My kids are good kids. They’re not spectacularly well behaved and they aren’t straight A students. They are smart and funny and I enjoy smart and funny people. They aren’t completely altruistic though they have moments of stupefying goodness where my eyes well with tears and I know I’ve done my job well. They’re just sort of good kids, the kind of people you want to spend time with.
I got a new dance game for the Kinect the other day (I’d thank whomever sent it to me if I knew who it was) and Jane and I danced and laughed and found out that my reflexes are a lot slower than I’d ever imagined. Alexander sat behind us on the sofa with his cell phone instagramming and Kik’ing his life away and every so often he’d glance up and scream about us scarring him.
Note to self: be sure to dance in front of his friends if he ever needs a major punishment.
We’re only a few days past Jane’s 14th birthday and I can’t help but feel like there’s a countdown in this house. We are refinancing the house at 3% which is a rate I never thought I’d see in my lifetime but we’re doing a 10 year fixed because in 10 years it will be just Mr. G and me and there’s no reason to be in a house with all these bedrooms if there are no people around to fill them. Jane is applying to high schools now which means that we only have four years left until she applies to college and that child will leave me.
She wants to go to NYU. She loves New York and she loves downtown (I love it best too so I understand) and I always say that when Jane learned to walk she learned to walk away from me. She has forever been wildly independent and it’s one of the many things I love about her. Her independence has me feeling both successful and sad.
When we met with the headmaster at one of the high schools we talked about the commute. “It’ll be rough the first year or I’ll pay for a bus,” I explained to him, “But by November of her Sophomore year Jane will be driving and it’s officially not my problem.”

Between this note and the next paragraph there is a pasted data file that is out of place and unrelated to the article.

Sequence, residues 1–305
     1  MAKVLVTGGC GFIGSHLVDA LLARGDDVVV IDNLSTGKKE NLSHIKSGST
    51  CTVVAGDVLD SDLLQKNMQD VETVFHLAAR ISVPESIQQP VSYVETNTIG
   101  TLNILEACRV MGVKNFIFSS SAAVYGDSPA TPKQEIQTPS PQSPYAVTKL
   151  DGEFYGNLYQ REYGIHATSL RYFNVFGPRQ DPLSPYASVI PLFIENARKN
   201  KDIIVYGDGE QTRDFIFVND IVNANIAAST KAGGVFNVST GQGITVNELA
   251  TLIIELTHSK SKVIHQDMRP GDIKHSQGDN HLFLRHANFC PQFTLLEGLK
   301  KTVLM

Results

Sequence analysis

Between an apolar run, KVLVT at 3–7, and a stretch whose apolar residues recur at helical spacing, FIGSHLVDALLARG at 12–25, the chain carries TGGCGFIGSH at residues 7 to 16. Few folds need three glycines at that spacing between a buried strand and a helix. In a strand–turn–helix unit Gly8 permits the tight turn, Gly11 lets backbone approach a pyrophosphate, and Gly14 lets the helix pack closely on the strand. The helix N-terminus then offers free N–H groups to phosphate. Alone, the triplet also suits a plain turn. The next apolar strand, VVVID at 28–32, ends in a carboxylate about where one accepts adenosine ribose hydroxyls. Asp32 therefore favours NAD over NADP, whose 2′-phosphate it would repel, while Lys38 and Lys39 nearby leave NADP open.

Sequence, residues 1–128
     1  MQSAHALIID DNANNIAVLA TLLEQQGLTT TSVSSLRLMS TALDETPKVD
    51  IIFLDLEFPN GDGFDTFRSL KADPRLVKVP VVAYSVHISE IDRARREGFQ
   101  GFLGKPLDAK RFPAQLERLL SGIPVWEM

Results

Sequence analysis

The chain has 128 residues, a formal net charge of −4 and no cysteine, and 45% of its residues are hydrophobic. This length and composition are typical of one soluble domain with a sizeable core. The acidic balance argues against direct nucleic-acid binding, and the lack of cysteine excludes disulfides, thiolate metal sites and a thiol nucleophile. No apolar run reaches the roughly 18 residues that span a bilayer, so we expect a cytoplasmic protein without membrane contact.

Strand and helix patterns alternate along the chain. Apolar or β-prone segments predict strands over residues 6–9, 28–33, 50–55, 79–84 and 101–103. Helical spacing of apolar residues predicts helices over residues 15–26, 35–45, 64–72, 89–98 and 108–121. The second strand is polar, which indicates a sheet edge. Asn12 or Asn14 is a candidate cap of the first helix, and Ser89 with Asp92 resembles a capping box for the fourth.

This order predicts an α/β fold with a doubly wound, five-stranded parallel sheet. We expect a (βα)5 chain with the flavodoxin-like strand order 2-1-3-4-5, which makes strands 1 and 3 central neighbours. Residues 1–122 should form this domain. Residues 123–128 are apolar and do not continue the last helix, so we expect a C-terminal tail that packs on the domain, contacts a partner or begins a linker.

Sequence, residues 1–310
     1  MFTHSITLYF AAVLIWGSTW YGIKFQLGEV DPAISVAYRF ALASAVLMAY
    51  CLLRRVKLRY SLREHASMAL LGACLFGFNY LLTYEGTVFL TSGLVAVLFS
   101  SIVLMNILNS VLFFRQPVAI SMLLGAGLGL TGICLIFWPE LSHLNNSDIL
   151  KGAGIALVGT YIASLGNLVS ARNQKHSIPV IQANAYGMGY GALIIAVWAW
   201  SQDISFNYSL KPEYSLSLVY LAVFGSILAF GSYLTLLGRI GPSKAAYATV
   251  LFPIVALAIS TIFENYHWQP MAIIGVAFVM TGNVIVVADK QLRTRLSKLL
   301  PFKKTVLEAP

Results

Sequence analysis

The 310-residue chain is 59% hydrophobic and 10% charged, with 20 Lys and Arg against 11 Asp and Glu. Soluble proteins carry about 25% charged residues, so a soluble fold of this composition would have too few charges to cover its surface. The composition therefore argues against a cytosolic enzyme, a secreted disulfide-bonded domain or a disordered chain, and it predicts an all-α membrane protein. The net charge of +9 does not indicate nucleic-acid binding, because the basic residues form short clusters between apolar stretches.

He asked me if I was worried about her driving and I sort of shrugged and said something to the effect of she’s a good kid, she’ll be a fine driver. And then headmaster (who has been in his position for more than 30 years) said that I was the first mother who had ever spoken that way.
I don’t mind being different but when thousands of families all have a deep worry that I simply don’t have I start to second guess myself. If she’s not ready to drive at 16 I won’t toss her the keys but why would I tell my 14 year old that I’m scared of her driving in two years? How does that set her up for success?
We’re counting down for everything. She’ll be driving and then she’ll leave me. And every so often when she reminds me that she’ll be going to Tisch (and she’s a persuasive child) I just look at her and ask her, “Why don’t you love me? If you loved me you’d go to USC.”
I can’t get my fax machine to work and everyone with a chronic condition knows that you must have a fax machine because physicians can’t email anything because of HIPPA. I think HIPPA was written to benefit psychiatrists because I’ll be needing one by the end of the day.
Alexander has a pre-op appointment today. We’re going ahead with surgery #4 for strabismus. I’d hoped that we’d be able to do it in December of 2012 but for a variety of reasons it really needs to happen now. None of the reasons are particularly interesting.
So once again I’m at UCLA hat in hand and begging for a cancellation appointment for my son.